An Open Letter To Fellow Academics
Dear fellow academics
In the wake of the horrifying and brutal killing of George Floyd, many in the UK expressed heartfelt solidarity; widespread protests showed a genuine commitment to opposing racism. Since then, however, activists, corporations and institutions seem to have seized the opportunity to exploit Floyd’s death to promote an ideological agenda that threatens to undermine British race relations.
Since the brutal killing of George Floyd, the issue of racism has come to the centre of public attention in the UK. Understandably, many universities have a well-intentioned desire to use this moment to challenge racism through course syllabuses as well as personal and administrative training programmes.
However, we wish to raise concerns about the tendency in some Higher Education institutions to adopt seemingly far-reaching changes to the content and delivery we provide in lectures and tutorials in order to promote or endorse a politicised ‘critical race theory’ agenda. Those teaching critical race theory are perfectly entitled so to do. Other faculty members and academicians who take a different or contrary perspective must be equally respected in academic and pedagogical terms, and should not be penalised for doing so.
Academic independence and freedom of conscience
Curricular and personal development materials are being promoted by diversity officers who encourage the unthinking adoption of contested concepts such as ‘unconscious bias’ and ‘white supremacy’. University policy should not be driven by the concerns of organisations like Black Lives Matter (BLM), or by administrative staff and diversity consultants. While the National Union of Students (NUS) may have aligned with BLM, universities themselves need a distinct voice, and as a rule do not and should not acquiesce to every NUS demand to alter policy.
Universities should not re-structure without full, frank, and open debate. Teaching materials and book lists should be guided by the academic expertise of teaching staff aligned to each course. Reading lists should demonstrate scholarship in a particular field but also reveal to the student a range of opinions on contentious issues. They should not set out to reinforce the idea that there is a single, uncontested perspective on political matters. Sources such as White Fragility, Why I’m No Longer Talking To White People About Race, How To Be An Antiracist, 13th or Explained: The Racial Wealth Gap are not universally endorsed by academics who oppose racism. Presenting only these sources, with little or no consideration of opposing views, encourages a climate of conformism that is incompatible with the open debate that should be at the heart of academic life.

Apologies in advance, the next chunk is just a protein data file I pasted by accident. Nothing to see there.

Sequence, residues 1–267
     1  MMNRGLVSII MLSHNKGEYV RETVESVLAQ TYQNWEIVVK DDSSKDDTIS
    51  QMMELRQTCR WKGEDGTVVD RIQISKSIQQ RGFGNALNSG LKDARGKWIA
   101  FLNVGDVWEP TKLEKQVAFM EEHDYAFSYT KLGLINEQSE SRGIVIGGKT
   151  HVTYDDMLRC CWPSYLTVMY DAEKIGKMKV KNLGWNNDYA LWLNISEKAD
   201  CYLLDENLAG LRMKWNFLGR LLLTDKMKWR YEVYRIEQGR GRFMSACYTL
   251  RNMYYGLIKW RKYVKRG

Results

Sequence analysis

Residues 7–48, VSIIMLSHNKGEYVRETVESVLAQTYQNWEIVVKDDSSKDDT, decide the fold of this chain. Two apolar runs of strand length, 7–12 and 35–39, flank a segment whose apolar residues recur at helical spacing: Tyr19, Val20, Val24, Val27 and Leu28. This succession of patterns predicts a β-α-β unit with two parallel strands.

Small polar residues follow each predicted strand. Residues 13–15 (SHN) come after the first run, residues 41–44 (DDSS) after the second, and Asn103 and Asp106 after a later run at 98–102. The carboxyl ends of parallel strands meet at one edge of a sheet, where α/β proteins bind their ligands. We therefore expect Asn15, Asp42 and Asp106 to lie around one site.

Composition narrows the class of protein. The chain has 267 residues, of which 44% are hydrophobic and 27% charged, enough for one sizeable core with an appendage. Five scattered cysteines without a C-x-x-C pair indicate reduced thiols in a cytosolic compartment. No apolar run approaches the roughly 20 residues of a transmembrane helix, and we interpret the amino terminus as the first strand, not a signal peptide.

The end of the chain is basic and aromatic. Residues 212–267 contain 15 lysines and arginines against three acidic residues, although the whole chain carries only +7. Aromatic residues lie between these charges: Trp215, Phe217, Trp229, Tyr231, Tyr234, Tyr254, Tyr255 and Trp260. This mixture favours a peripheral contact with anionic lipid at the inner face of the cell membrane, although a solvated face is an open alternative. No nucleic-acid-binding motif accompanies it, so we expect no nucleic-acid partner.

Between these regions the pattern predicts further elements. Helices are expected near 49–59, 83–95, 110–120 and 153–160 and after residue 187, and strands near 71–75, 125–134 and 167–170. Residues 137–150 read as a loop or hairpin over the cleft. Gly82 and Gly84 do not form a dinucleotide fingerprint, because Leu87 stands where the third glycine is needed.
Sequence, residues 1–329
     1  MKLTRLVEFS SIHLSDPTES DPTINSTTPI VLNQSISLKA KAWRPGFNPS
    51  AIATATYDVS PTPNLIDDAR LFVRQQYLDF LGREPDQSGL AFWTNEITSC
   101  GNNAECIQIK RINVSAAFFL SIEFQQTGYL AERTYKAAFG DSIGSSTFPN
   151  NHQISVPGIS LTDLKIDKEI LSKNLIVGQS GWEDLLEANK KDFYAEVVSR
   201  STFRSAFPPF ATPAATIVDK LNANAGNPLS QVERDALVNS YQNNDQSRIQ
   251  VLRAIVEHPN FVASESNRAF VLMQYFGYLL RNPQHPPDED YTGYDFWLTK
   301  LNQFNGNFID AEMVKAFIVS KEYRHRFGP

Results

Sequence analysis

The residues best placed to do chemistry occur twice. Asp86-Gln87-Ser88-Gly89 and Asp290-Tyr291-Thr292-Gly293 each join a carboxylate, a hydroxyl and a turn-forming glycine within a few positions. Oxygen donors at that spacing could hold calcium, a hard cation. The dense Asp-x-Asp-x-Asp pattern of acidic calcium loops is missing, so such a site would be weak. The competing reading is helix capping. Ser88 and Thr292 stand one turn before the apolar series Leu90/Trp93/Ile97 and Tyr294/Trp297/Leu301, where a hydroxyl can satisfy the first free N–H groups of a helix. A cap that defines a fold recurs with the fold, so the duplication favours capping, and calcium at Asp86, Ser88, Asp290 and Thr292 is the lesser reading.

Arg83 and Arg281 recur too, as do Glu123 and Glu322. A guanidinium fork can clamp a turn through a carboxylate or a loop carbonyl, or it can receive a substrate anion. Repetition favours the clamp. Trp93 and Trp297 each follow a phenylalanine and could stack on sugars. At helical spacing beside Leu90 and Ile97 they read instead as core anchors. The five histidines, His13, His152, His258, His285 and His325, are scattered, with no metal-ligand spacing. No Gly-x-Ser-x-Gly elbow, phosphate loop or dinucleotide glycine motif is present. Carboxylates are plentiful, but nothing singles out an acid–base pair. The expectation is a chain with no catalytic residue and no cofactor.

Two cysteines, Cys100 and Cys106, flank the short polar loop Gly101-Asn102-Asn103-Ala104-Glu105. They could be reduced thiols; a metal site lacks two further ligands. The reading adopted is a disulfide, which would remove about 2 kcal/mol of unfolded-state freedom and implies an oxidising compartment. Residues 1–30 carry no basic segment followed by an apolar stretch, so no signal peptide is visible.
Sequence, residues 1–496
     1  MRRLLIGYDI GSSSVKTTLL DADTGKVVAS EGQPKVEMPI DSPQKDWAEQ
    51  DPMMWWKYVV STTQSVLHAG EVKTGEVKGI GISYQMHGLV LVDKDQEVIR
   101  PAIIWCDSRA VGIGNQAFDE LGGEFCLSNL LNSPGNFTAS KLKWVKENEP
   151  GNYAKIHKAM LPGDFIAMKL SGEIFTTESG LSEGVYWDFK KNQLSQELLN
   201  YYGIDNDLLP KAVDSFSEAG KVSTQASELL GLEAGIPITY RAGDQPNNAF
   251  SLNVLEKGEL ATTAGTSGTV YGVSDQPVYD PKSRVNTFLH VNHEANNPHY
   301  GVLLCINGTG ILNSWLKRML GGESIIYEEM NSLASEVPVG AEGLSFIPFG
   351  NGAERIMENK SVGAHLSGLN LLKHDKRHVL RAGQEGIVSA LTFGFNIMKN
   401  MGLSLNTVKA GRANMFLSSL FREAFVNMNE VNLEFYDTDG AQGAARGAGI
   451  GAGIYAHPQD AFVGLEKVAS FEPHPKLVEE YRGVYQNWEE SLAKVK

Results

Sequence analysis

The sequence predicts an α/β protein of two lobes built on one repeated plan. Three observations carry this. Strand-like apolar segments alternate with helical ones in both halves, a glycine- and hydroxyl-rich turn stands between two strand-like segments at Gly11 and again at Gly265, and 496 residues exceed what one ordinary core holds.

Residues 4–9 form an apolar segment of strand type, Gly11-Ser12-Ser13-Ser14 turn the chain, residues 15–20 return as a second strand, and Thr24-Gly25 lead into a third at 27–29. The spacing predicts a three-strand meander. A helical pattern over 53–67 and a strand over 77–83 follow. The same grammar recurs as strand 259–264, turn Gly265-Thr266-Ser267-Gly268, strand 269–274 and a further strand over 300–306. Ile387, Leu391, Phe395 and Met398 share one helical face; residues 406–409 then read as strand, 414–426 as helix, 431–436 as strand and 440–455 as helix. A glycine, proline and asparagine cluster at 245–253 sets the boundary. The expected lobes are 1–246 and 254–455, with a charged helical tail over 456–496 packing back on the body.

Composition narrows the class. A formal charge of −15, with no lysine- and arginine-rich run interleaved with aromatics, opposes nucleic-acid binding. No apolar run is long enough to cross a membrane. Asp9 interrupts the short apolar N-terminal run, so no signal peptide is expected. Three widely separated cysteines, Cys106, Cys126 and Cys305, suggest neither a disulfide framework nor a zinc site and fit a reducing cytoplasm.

Academic staff should not be obligated to teach one-sided political content – whether they agree with it or not. ‘White privilege’, ‘white supremacy’ and ‘white fragility’ are contested categories, not proven facts. At a time when many universities will be starting the academic year in unprecedented circumstances, such claims are even less likely to be subjected to the critical scrutiny and informed consent necessary for introducing new institutional procedures and curriculum content.
For the same reason, universities must resist the growing pressure on ruling bodies to declare solidarity with BLM. Such declarations imply fidelity to very specific political aims and ought not be a position taken by an institution that treasures impartiality and academic freedom. An individual’s beliefs on addressing racism should be a matter of conscience within the university in keeping with the Universities UK Strategic Plan which states, “The success of UK higher education is built on a history of voluntary collaboration among diverse autonomous universities to…further the free exchange of ideas”. Open enquiry, not training, is the preferred path for debate within the university sector, and must be kept sacrosanct.